Surface mine production scheduling and sequencing are used to maximize the expected profit and investment returns from mining operations. They are also used to determine future mining investments, evaluate alternative investment options, and conserve and develop the pit resources. These processes are complicated by the fact that open pit operations are conducted on multiple benches and involve concurrent excavation of both ore and waste. The pit geometries and expansion rates, and the periodic volume of materials from different benches in a multi-bench, multi-face open pit mine determine the equipment requirements, which impact the maximized pit value. Under such regimes, fast, accurate and repeatable estimation of pit volumes are required for just-in-time (JIT) production decisions. The analytical geometric volume calculations require time lags that prevent rapid information for JIT decisions. The introduction of the novel at-face-slurry (AFS) oil sands method require fast, accurate and repeatable pit volume estimation using continuous flow process. In this study, a continuous flow process via partial differential equations (PDEs) has been used to model material volume, as well as pit layout changes from circular and elliptical geometries of an oil sands mine and compared with analytical geometric methods. The models were solved within Matlab. The results show very close agreement between geometric values and those obtained from PDEs for the pit configurations. This work represents the first successful attempt at using PDE in geometric calculations for open pit mines. The economic analysis shows that the NPV of the current mining system (CMS) is $3.2 x 1010 while that for the cyclic excavator conveyor belt control system (CycEx CBCS) is $4.06 x 1010. The PI for the CMS and CycEx CBCS options are 19.37 and 43.37 respectively. The IRR of the CMS option is 29.02% while that of the CycEx CBCS option is 33.37%. The DPBP for the CMS and CycEx CBCS options are 3.24 months and 1.92 months, respectively. The CMS option has an operating cost of $1.386/tonne ($2.774/barrel) while that of the CycEx CBCS option is $0.779/tonne ($1.558/barrel). The economic parameters show that the CycEx CBCS option is more economically viable, and the requirement for a fast, accurate and repeatable process for generating pit volumes is met by using PDEs.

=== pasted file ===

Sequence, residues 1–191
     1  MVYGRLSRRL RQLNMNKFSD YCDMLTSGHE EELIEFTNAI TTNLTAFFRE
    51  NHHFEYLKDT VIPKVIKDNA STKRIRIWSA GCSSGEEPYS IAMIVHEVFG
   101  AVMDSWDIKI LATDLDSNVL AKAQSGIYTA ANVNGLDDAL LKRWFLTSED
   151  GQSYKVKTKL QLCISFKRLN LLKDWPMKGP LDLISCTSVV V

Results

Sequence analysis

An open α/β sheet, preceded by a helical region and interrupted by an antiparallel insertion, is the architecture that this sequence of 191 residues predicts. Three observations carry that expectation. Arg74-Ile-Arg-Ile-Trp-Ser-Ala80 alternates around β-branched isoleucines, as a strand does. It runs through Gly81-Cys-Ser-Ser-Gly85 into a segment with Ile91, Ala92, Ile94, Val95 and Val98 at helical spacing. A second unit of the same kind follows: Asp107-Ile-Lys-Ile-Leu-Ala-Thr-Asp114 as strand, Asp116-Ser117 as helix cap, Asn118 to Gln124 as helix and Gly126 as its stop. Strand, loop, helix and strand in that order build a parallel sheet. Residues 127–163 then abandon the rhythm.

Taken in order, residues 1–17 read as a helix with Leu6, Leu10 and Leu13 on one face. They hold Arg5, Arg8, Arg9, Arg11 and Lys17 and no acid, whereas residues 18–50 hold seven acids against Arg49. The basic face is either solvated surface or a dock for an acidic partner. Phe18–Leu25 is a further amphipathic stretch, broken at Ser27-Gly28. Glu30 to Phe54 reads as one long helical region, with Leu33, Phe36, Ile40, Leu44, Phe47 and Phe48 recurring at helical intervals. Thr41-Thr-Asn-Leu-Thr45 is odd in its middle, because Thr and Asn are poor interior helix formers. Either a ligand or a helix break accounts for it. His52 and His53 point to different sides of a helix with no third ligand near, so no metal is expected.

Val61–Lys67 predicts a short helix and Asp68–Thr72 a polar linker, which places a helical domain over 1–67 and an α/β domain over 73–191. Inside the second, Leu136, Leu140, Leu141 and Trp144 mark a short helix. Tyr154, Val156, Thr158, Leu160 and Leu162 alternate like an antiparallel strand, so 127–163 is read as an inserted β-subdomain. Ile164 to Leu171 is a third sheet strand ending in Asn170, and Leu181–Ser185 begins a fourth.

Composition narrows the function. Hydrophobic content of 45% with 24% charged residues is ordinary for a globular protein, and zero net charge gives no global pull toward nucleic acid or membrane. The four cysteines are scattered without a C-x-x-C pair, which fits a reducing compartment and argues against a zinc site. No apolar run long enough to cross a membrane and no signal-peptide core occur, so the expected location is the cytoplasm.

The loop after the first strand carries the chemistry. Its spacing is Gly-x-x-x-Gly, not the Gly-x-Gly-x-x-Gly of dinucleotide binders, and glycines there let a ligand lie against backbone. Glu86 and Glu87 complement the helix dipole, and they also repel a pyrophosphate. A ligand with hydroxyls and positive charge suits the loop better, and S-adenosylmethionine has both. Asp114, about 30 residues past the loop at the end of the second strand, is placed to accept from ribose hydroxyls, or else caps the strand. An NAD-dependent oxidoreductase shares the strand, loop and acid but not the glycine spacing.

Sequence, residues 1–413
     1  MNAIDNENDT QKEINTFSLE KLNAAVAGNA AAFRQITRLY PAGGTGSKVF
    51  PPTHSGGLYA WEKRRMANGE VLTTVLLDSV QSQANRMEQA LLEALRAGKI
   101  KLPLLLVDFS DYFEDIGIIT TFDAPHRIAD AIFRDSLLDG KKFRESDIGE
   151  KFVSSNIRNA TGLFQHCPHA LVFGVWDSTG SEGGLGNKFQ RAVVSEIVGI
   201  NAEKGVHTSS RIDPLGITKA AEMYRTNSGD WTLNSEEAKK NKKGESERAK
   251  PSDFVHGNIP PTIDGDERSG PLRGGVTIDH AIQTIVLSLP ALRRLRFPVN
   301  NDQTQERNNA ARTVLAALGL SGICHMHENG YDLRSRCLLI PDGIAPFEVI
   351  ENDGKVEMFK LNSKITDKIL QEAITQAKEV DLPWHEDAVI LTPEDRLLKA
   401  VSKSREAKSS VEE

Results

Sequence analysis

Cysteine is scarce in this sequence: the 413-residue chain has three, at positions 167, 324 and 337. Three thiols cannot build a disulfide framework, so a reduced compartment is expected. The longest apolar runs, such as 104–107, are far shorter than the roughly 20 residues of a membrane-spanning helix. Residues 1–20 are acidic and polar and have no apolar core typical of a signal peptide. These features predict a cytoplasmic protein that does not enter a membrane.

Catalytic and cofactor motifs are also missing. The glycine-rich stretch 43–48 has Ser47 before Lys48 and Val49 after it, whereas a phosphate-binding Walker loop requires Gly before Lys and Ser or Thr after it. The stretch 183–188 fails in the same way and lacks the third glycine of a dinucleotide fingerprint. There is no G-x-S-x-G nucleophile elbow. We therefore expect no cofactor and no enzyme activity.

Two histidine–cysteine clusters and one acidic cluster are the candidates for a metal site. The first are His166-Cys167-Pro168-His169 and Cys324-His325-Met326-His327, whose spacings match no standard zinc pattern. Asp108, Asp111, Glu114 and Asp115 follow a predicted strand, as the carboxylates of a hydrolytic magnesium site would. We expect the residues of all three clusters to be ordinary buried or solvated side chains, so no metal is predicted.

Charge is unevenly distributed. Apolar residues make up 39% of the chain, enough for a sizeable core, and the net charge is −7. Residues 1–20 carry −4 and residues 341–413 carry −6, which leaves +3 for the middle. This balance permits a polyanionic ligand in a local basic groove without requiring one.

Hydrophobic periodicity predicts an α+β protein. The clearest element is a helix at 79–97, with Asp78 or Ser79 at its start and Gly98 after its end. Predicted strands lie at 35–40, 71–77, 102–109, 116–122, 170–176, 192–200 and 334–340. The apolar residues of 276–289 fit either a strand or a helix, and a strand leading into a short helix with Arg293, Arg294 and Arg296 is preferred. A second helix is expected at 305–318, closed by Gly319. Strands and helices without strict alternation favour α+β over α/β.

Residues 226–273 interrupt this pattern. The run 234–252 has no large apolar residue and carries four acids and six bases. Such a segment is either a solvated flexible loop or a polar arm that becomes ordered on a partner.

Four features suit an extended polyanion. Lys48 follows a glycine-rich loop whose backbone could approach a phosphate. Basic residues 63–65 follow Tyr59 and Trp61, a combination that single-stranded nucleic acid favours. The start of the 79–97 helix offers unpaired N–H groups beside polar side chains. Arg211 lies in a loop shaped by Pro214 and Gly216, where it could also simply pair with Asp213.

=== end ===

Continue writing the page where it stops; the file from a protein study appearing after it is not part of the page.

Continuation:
Raymond S. Suglo
Botswana International University of Science & Technology, Palapye, Botswana
Missouri S&T, Rolla, USA
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